The Applied History Network are pleased to announce their next event on History and the Housing Crisis to be held on Tuesday 14 June 2016, 6.30 -8.30pm at the Marx Memorial Library. The event is free to attend but booking via our Eventbrite page is essential.
The Applied History Network notes, “We are currently in the midst of a housing crisis. House prices are on average seven times people’s incomes, and with the economic downturn repossession rates are soaring. In the private rental market rents are also soaring, especially in London, and at the same time one-third of private rented homes fail to meet the Decent Homes Standard. All the while the government continues to pursue the sale of council houses and housing association homes. Hundreds of thousands are pushed into homelessness, living in temporary accommodation or on the streets.”
This event will ask what the historical roots to the current housing crisis are, what historical solutions have been posed, and how we might tell the history of housing politics. Did past politics of rent strikes or squatting work, and do they work in the same way today? What solutions have past local and national governments pursued to resolve housing crises, and could these be pursued again? And why is it important to remember the history of housing today? Should we look to the past to think about what the future of housing politics in Britain might look like?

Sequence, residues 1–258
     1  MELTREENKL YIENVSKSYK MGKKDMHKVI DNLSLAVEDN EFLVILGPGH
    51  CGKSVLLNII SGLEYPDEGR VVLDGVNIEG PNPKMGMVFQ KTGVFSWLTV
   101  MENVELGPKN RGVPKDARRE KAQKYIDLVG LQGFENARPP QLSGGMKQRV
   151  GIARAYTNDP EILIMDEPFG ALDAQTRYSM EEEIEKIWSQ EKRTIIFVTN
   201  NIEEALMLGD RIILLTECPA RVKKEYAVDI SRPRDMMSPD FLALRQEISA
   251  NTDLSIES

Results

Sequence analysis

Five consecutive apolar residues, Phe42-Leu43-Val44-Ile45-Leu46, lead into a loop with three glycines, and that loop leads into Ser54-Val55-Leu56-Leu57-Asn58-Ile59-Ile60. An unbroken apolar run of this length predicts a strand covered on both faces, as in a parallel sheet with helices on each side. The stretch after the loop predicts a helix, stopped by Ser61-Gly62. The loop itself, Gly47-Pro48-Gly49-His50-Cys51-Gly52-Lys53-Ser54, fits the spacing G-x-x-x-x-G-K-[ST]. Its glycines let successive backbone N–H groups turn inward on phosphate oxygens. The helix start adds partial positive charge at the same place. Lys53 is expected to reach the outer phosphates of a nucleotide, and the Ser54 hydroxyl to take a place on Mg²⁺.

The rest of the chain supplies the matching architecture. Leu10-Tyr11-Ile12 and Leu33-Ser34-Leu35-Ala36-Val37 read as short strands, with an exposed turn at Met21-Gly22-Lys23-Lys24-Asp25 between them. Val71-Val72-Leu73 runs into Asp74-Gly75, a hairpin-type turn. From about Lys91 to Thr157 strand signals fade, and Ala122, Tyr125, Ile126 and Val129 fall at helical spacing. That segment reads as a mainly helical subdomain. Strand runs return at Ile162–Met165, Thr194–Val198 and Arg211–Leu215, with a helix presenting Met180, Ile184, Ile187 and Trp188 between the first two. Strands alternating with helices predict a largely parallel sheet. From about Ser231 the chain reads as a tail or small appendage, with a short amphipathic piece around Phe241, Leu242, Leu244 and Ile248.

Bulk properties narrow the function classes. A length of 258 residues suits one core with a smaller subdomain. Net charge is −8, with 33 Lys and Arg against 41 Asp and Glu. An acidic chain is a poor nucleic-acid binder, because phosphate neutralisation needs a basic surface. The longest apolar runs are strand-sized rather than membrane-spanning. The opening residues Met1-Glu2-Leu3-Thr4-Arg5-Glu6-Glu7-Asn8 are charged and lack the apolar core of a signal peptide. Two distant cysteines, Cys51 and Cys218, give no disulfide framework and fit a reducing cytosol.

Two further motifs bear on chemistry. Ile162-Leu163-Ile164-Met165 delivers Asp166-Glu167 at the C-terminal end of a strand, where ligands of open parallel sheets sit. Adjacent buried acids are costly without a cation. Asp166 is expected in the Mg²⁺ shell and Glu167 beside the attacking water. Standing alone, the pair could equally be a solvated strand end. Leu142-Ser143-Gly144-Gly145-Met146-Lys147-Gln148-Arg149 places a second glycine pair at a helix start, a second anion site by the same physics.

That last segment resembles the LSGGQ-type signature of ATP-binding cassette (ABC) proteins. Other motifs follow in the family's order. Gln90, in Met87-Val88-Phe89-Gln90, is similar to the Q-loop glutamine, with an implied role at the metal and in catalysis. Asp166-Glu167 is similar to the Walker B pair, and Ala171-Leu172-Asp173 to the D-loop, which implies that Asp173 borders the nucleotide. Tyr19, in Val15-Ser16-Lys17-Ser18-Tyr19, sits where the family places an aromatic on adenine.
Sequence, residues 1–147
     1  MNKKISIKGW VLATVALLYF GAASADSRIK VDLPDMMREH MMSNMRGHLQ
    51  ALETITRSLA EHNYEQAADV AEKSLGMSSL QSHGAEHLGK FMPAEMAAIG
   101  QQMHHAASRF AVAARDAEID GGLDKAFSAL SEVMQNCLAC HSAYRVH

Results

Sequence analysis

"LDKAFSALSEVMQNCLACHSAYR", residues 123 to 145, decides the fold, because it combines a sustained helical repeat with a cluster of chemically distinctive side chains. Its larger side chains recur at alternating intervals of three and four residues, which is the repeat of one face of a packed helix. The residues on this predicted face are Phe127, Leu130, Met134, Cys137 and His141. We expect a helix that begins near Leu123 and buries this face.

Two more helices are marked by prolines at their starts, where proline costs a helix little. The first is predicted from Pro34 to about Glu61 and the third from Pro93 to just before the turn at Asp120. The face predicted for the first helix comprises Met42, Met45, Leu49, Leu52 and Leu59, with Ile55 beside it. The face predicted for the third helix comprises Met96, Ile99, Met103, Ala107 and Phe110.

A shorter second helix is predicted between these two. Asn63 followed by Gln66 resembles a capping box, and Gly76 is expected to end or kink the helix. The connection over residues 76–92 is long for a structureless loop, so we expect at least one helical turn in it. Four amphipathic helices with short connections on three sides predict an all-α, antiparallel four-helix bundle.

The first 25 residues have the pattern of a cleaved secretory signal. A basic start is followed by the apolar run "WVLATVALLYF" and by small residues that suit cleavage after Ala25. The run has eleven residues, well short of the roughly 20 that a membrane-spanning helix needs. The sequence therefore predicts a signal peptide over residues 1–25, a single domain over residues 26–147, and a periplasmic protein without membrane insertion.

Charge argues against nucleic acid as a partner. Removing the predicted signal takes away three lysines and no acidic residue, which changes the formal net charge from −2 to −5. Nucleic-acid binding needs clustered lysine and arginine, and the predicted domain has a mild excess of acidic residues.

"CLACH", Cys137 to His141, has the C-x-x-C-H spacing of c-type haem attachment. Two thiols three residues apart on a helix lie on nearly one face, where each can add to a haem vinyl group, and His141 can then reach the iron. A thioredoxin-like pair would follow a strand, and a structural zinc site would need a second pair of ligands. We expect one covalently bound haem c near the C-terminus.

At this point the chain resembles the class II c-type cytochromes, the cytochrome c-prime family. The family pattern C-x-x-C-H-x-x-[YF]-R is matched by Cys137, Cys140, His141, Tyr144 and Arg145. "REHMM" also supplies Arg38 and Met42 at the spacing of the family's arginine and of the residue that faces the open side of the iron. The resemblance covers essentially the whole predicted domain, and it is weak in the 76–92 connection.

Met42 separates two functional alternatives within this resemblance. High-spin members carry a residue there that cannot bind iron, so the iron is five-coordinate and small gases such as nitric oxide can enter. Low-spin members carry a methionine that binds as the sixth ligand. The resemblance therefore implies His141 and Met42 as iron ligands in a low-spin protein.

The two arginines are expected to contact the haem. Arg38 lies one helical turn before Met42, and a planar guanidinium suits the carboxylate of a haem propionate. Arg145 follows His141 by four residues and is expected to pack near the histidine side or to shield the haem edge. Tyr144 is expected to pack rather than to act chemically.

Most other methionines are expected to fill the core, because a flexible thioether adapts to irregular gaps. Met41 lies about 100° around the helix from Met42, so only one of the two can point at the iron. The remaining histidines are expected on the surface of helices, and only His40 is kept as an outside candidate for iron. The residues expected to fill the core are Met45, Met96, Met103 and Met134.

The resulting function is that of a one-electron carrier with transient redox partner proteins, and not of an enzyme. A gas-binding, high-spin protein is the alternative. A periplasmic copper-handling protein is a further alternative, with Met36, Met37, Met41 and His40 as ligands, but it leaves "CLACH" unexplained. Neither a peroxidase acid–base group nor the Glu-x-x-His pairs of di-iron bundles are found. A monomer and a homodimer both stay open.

The panel members will each approach the topic from a different vantage point based on their experiences and will speak for 15-20 minutes each. After which, the discussion will be opened up for the next hour or so to include the floor.
Dr Lisa Mckenzie
Research Fellow at LSE
Architect from Studio Givanni
Fourth speaker TBC
Date: Tuesday 14 June 2016
Venue: Marx Memorial Library, 37a Clerkenwell Green, London, EC1R 0DU
Eventbrite: Register here
Website: Applied History Network
This event is supported by the Raphael Samuel History Centre
The Applied History Network is a group of PhD students, archivists, and early career researchers committed to politically engaged history. We put on regular evening events in London which aim to apply an historical perspective to contemporary events and debates.
The event grew out of conversations started at the ‘what is radical history?’ conference at Birkbeck in March 2015. In an effort to carry on these important debates, we put on free events every two months in central London.
Image credit: By Wouter Hagens (Own work) [Public domain], via Wikimedia Commons